Canada moves towards implementing the next phase of the Passport System to further simplify securities regulation, despite the OSC’s lack of participation.
In September, 2004, the provincial and territorial Ministers responsible for the regulation of securities in Canada, other than Ontario, agreed to a memorandum of understanding with the intent of providing market participants with a single window of access in a harmonized securities regulatory regime. To that end, Phase I of the Passport System was introduced with Multilateral Instrument 11-101 (MI 11-101), which came into force on September 19, 2005. Phase I of the Passport System was considered an interim step towards the greater harmonization and streamlining of securities regulations across Canada. The proposed Phase II of the Passport System builds upon the system’s foundations by, amongst other things, further harmonizing the regulation of prospectus reviews and processes for obtaining exemptive relief.
Key features of Phase II of the Passport System
The proposed National Instrument 11-102 Passport System (NI 11-102) and related policies would build on the steps taken in Phase I, while moving further towards the uniformity of requirements across jurisdictions. Further, each issuer would essentially be exempted from: non–harmonized continuous disclosure requirements, prospectus form and content requirements outside of its Principal Jurisdiction and registration requirements, through a general discretionary exemption system.
While the Ontario Securities Commission (OSC) has not signed onto the Passport System, Phase II has been designed for adoption by all Canadian securities regulatory authorities.
Proposed Interface Rules with the OSC
Despite Ontario’s reservations, the design of the Passport System allows for Ontario market participants to access Passport System jurisdictions. Further, National Policy 11-202 Process for prospectus review in multiple jurisdictions (NP 11-202) and National Policy 11- 203 Process for exemptive relief applications in multiple jurisdictions (NP 11-203) have been proposed to provide an interface between the OSC and the Passport System regulators. These proposals are designed to protect the efficiencies currently available under the Mutual Reliance Review System by allowing issuers to deal with only one regulator in most circumstances for prospectus review and exemptive relief applications.
Generally speaking, the proposed interfaces of NP 11-202 and NP 11-203 would work as follows:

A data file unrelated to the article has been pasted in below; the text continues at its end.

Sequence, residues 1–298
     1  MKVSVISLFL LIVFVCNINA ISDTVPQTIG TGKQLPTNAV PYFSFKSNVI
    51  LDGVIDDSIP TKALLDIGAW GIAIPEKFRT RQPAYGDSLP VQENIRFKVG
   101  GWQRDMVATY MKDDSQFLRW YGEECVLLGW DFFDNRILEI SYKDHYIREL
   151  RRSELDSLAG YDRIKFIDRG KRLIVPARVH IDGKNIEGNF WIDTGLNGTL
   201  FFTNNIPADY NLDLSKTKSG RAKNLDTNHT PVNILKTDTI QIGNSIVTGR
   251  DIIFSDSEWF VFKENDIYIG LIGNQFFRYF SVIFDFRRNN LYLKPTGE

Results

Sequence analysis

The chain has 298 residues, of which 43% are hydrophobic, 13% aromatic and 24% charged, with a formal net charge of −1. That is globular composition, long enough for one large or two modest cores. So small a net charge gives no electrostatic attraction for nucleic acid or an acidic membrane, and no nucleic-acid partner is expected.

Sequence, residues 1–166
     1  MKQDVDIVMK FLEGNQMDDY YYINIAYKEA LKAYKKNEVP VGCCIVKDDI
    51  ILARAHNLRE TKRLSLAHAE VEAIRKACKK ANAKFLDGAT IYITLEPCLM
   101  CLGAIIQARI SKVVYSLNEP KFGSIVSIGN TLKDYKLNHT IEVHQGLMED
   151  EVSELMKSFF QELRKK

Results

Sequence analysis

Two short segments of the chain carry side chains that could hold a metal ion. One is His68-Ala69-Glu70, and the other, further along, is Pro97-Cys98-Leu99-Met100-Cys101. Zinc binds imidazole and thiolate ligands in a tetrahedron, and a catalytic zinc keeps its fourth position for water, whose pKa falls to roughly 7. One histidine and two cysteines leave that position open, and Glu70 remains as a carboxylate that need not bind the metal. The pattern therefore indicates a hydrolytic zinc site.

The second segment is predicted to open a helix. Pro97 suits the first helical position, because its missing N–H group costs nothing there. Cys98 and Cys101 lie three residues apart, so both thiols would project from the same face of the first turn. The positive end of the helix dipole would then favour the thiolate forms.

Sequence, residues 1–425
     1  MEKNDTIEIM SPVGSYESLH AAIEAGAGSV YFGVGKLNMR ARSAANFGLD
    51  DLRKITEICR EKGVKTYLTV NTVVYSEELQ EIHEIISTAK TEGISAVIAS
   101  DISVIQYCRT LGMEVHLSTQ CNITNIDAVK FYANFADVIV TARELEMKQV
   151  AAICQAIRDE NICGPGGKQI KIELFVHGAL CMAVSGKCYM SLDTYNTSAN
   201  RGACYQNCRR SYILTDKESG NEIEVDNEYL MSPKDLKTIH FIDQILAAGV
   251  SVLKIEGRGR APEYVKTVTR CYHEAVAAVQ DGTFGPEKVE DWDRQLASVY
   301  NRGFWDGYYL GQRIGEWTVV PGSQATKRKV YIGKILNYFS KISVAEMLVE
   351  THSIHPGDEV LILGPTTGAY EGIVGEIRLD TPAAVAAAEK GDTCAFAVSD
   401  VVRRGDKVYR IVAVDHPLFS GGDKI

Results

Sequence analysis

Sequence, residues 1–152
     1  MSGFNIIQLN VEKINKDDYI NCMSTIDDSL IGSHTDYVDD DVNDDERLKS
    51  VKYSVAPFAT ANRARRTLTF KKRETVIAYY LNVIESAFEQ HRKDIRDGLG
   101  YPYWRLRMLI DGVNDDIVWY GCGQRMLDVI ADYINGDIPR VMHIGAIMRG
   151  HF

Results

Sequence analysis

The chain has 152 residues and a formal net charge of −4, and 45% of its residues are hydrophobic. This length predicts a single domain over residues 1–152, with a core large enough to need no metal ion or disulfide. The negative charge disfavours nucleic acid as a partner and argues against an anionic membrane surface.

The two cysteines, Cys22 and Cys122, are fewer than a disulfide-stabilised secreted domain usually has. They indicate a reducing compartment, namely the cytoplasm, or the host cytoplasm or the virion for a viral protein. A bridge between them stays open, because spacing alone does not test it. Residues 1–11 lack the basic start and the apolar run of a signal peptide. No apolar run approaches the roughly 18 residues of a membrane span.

Prospectus Review (NP 11-202)
- The market participant would file its prospectus with the Principal Regulator and with the non-principal regulator in each other jurisdiction in which it wishes to offer securities;
- If the OSC was the Principal Regulator, the filer would deal with the OSC, and the decision of the OSC would be the decision of all Passport System regulators. The receipt of the OSC would result in a deemed receipt from each jurisdiction in which the prospectus was filed;
- A market participant for which Ontario was not the Principal Regulator would deal with its Principal Regulator (under the Passport System), which would then coordinate its review with the OSC, and obtain the OSC’s comments. The receipt of the Principal Regulator would result in a deemed receipt from all Passport System regulators and, if the OSC cleared the prospectus, of the OSC.
Exemptive Relief Applications (NP-203)
- If the OSC was the Principal Regulator, the filer would pay fees to the OSC only, which would then deal with the application. The decision of the OSC would result in an automatic exemption in all Passport System jurisdictions;
- If the OSC was not the Principal Regulator, the filer would file the application and pay fees with its Principal Regulator and the OSC. The Principal Regulator would then coordinate its review with the OSC. The decision of the Principal Regulator would result in an automatic exemption in all other Passport System jurisdictions and would evidence the decision of the OSC, if the OSC agreed with the decision;
- If the application was outside the scope of NP 11-102, it would be dealt with as a “coordinated review application” and filings and fees would be submitted in each jurisdiction in which the exemption was required.
The proposed interface for registration, which has not yet been released for comment, is expected to work in much the same way as described above.
Implementation and transition
Phase I of the Passport System came into force on September 19, 2005. The CSA is targeting March 2008 for the implementation of all but the registration portion of the Passport System, with the registration portion planned for adopted in July, 2008.